For the challenge, teams were able to send in plans for addressing the problem and the top three teams would be able to bring their designs to life. From there, water quality could be tested, locals surveyed, as well as other measures of performance to determine how to continue.

I believe this idea is brilliant because there are so many problems being faced by the Mississippi Gulf Coast with one thing after another from Hurricane Katrina of 2005 to the Deep Water Horizon Oil Spill on 2010. Can’t wait to see how it all is coming along in the months to come.




Today is also a big day because it’s the start of a big adventure. Today I’m leaving my hometown in Mississippi and tomorrow I’m landing in Germany! I’ll be there for about a year!

I’m planning on studying and exploring, but mostly exploring! I’ll definitely be updating you guys on my German adventure (you can see more about it at my school’s study abroad blog)! 🙂

The 2018 Mississippi Water Security Institute has inspired me to work on quite a few projects that will be coming to you guys in the coming months while I’m in Germany!

Peace out,


The Nature of Cities

In May, I participated in the Mississippi Water Security Institute at the University of Mississippi.  The program is funded by the Robert M. Hearin Foundation and participants were from Jackson State University, Mississippi State University, Mississippi Valley State University, University of Southern Mississippi, and University of Mississippi.  This year we studied urban water systems.  Speakers came from all over the world and we also traveled the state to see different bodies of water and careers related to water.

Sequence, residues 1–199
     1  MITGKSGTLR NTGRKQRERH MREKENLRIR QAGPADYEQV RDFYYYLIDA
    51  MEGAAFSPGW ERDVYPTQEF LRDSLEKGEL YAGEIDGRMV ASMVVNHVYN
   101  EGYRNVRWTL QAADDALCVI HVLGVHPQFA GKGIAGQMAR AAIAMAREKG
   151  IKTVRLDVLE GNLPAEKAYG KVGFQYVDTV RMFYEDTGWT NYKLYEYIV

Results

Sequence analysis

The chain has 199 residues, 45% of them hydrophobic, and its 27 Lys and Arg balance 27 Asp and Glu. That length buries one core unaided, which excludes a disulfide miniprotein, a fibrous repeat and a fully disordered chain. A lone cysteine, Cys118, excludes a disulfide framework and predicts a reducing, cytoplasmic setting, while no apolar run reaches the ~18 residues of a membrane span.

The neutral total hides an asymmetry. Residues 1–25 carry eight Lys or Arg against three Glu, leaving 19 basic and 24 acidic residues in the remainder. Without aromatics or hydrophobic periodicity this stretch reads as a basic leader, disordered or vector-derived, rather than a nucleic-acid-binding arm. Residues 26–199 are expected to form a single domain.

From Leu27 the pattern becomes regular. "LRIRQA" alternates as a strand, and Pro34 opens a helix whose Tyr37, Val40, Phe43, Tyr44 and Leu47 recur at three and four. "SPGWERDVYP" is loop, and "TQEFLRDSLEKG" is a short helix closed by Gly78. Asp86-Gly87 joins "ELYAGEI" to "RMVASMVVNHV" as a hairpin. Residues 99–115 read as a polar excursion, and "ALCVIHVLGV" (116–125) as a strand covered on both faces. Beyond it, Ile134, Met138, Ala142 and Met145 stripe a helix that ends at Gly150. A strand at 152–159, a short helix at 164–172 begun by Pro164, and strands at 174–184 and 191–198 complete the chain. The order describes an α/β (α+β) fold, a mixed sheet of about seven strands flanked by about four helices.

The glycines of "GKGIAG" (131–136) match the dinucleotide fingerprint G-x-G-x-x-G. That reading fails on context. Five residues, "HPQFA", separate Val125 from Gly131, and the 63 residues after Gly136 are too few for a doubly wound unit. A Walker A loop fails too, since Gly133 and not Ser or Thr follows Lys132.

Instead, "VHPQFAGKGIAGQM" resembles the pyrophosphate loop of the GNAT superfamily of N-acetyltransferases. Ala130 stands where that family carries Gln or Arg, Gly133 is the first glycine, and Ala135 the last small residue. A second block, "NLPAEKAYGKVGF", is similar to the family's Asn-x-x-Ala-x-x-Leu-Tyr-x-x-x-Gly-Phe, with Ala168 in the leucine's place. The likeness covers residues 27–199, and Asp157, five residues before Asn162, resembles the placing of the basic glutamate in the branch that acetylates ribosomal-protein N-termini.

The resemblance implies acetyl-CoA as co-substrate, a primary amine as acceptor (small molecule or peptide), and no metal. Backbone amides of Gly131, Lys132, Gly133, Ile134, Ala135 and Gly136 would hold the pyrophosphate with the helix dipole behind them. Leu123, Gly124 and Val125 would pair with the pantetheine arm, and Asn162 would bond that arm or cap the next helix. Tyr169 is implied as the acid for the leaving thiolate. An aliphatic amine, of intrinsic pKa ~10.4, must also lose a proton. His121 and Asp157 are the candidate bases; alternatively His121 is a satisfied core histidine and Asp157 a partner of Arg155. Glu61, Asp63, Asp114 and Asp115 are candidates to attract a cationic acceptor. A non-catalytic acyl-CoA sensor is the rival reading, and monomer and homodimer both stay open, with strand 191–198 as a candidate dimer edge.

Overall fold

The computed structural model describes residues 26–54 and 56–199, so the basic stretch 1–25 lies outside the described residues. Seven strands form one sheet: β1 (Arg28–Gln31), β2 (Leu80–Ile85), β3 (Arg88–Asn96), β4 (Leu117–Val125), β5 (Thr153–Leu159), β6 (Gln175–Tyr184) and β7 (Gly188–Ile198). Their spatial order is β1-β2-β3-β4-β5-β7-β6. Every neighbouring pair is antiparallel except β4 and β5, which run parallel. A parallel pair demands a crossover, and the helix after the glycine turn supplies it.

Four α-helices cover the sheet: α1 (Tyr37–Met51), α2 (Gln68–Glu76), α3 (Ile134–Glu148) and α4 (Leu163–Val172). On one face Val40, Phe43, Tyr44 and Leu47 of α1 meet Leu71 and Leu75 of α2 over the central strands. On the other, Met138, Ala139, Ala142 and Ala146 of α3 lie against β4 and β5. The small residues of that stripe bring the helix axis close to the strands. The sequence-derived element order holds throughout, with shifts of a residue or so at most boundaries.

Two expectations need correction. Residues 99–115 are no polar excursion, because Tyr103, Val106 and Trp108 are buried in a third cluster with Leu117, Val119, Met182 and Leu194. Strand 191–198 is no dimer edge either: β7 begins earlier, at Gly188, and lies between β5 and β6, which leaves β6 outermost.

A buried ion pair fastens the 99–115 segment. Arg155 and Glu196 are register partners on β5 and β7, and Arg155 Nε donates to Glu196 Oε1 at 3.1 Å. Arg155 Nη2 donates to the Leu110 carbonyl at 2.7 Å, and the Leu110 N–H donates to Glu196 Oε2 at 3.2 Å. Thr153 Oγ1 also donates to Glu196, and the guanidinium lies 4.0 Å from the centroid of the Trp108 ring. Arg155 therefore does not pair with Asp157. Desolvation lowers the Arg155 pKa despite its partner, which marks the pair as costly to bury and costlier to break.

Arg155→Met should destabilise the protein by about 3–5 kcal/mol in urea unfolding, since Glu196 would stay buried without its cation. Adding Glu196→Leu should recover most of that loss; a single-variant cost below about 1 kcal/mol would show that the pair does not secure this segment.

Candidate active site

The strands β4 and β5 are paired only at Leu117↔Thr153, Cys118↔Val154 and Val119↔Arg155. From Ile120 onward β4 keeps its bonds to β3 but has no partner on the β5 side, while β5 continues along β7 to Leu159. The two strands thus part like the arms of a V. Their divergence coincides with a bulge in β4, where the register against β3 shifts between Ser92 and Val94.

The keynote speaker was David Maddox of The Nature of Cities.  He believes that cities are ecosystems of people, nature, and infrastructure. When it comes to biodiversity and environmentalism within cities, we shouldn’t just talk about the nature in cities (bioswales, parks, street trees, etc.), but also the nature of the cities themselves. The Nature of Cities is an international platform to share diverse ideas about these ecosystems and how to make cities that are resilient, sustainable, livable, and just. Currently, they have almost 650 contributors representing 27 countries and 6 continents and their viewers represent over 150 countries.

The ecosystems of people, nature, and infrastructure I hope to have in the future are resilient, sustainable, and livable.  Resilience is becoming more important with the increase of natural disasters.  Sustainability is important to me and should be important to city planners.  Each of our decisions impacts the entire ecosystem of the city and the world as a whole.  People will continue living in cities that aren’t resilient and sustainable if our designs are not livable.  We can design cities with only one or two of these descriptors, but that’s not a real solution.

I encourage you to read a few essays on the Nature of Cities — not just from your area, but from across the world (Africa, Asia, Middle East, and South America to start).  It’s important to see where others are succeeding and failing so we can learn from their experiences.  But more importantly, notice how across the world, a lot of what makes a great city is the same.

If you love your city (or state or country or planet), get involved!